ATLANTIC CITY — Showboat reopened as a hotel Friday, but its return to life started so quietly that some early guests thought they should have found more fuss when they got there.

New owner Bart Blatstein said he didn’t want to “over-promise and under-deliver,” explaining why he just formally announced Thursday a Friday afternoon revival for one of four city casinos that closed in 2014. And about the only evidence at the hotel of a major event for a struggling city was a bank of TV lights and cameras in the lobby before the first guests started checking in at 3 p.m.

Blatstein told reporters he plans next year to “rebrand” Showboat Atlantic City, the hotel-only property he bought in January, although he wouldn’t disclose any possible new names or other plans for the former casino.

But after Elaine Ruggiero booked a last-minute weekend visit with her daughters, Analise and Carissa, she said there’s magic in that old name for her family.

“You’re going to make me cry. This was my mother’s favorite place,” she said, adding later that her mom died last year.

She booked her room online and called to confirm, but got to Atlantic City from her home in Gloucester County and found a “closed” sign still up on Showboat’s parking garage, and chains over the entrance.

“There was nobody in here greeting you or anything,” Ruggiero said, sounding surprised. “I think there should be music or something.”

But she was happy for the $209 rate she got for a room at an oceanfront hotel, and happy to be back at Showboat.

Lisa Augustine, a hotel official, said she expected more than 100 rooms to be filled on the first night after that quiet opening. All reservations are being taken online only. The hotel’s website is showboathotelac.com, but online travel agencies also are handling rooms.

In response to repeated questions about midweek rates and future weekends, Augustine answered every one by saying, “Shop it online.”

Bill Wootton lives in Arlington, Virginia, now, but he grew up in Atlantic City’s Chelsea neighborhood and was happy to find the Showboat online, up and running again. So he decided to combine a weekend stay at the old/new hotel with a visit to family still in the area.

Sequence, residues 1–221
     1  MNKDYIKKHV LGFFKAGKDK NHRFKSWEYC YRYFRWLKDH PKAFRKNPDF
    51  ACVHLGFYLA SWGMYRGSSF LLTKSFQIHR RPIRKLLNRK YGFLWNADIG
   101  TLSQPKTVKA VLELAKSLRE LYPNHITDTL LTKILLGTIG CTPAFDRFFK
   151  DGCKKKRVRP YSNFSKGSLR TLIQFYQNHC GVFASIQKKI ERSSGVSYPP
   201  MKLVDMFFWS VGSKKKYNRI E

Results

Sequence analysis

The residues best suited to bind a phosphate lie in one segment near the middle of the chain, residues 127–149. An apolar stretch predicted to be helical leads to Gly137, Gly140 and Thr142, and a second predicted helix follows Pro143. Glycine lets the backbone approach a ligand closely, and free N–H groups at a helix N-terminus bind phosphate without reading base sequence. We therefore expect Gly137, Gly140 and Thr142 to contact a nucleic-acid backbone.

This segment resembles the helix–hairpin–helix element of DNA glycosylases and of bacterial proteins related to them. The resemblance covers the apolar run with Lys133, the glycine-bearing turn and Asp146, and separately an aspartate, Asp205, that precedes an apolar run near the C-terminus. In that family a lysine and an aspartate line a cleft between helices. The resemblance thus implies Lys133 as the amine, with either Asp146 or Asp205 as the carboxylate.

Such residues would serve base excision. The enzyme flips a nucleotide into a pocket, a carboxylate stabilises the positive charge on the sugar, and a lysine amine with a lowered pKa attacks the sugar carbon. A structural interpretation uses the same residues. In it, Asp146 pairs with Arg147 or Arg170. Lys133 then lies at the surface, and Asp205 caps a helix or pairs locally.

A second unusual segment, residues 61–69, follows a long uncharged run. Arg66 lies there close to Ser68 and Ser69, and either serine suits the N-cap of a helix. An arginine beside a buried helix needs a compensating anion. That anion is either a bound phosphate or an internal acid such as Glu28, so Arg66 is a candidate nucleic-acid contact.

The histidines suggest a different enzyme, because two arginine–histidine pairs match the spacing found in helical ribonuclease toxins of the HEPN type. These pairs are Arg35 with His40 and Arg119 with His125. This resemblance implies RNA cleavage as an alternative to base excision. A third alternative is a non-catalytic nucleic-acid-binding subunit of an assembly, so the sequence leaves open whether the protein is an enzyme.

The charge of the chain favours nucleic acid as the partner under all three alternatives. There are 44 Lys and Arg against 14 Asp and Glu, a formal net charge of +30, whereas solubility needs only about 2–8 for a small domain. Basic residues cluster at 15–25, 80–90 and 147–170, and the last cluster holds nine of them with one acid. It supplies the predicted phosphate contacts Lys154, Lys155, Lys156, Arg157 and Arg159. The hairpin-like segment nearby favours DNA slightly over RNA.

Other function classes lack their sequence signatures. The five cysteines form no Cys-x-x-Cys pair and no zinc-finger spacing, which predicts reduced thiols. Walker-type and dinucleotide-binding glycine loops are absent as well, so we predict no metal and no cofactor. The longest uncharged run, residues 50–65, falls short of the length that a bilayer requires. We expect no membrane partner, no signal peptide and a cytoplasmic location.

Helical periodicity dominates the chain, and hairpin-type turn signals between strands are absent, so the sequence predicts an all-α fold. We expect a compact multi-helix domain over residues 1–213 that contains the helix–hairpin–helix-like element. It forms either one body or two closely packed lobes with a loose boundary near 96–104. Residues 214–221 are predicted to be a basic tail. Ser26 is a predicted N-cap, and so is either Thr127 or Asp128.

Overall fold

He remembers staying there “back, back, back in the day,” and thinks of it as “one of the nicer hotels in town.” But he wasn’t surprised by the news that it’s open again, almost two years after its former owner, Caesars Entertainment, decided to close down a casino that opened in 1987.

“I’ve been following this thing,” he said.

Wootton said he was also a fan of the old House of Blues, the entertainment-centered club that used to take up a big piece of Showboat’s Boardwalk front. Its signs are still prominent on the building too, but Augustine, from the hotel’s management, told reporters the owners are talking to “potential tenants for the House of Blues space.”

She said the hotel is opening 852 out of a total of about 1,300 rooms at Showboat, mostly on higher floors. And while it was a feat to get that many rooms ready to roll within about five weeks after Blatstein announced a July date for opening the doors again, Augustine added the physical condition wasn’t the major problem.

“It was in very good shape, and it was well-maintained over the last two years,” she said.

One of the people maintaining Showboat now is Bonnie Ingersoll, of Mays Landing. She’s in “environmental services,” she said, but used to schedule about 600 dealers for table games in the property’s casino days.

“I opened Showboat and I closed it,” said Ingersoll, one of 208 opening-day employees, “and I’m thrilled to be here to bring it back up.”

The closing “was hard on a lot of people. A lot of people were hurt,” she said. “But I’m seeing a lot of familiar faces, and it’s wonderful to see them all.”

Answering a reporter, Ingersoll said the hotel “feels like Showboat. This was my home for 28 years. I wanted to come back ... and I wanted to watch it come back.”

City Council President Marty Small shared lunch with Blatstein at one of three now-open options for food and drinks in the hotel, the Atlantic City Eatery.

“This is a tremendous day for the city. It was heavy lift ... but it will create opportunities, create jobs and it will take an eyesore of a casino and turn it around,” Small said.

He added he personally knows some people who got those jobs, saying Augustine, the manager, is “placing many Atlantic City people in the jobs.”

The other open businesses at Showboat are Worship Surf Bar, a casual spot just off the Boardwalk, and Canal Street, a coffee shop at the far end, off Pacific Avenue.

One Showboat neighbor who’s thrilled to see some life return to the building is Jean Muchanic, the executive director of Absecon Lighthouse, the South Inlet landmark a few blocks away. She noted that her historic tower, which has struggled with the closings of Showboat and neighboring Revel, shows up on Showboat’s website as a nearby attraction to check out.

“That’s exciting,” Muchanic said. As for the hotel coming back and bringing people with it, she added, “I’m happy for them. And I’m happy for the neighborhood.”

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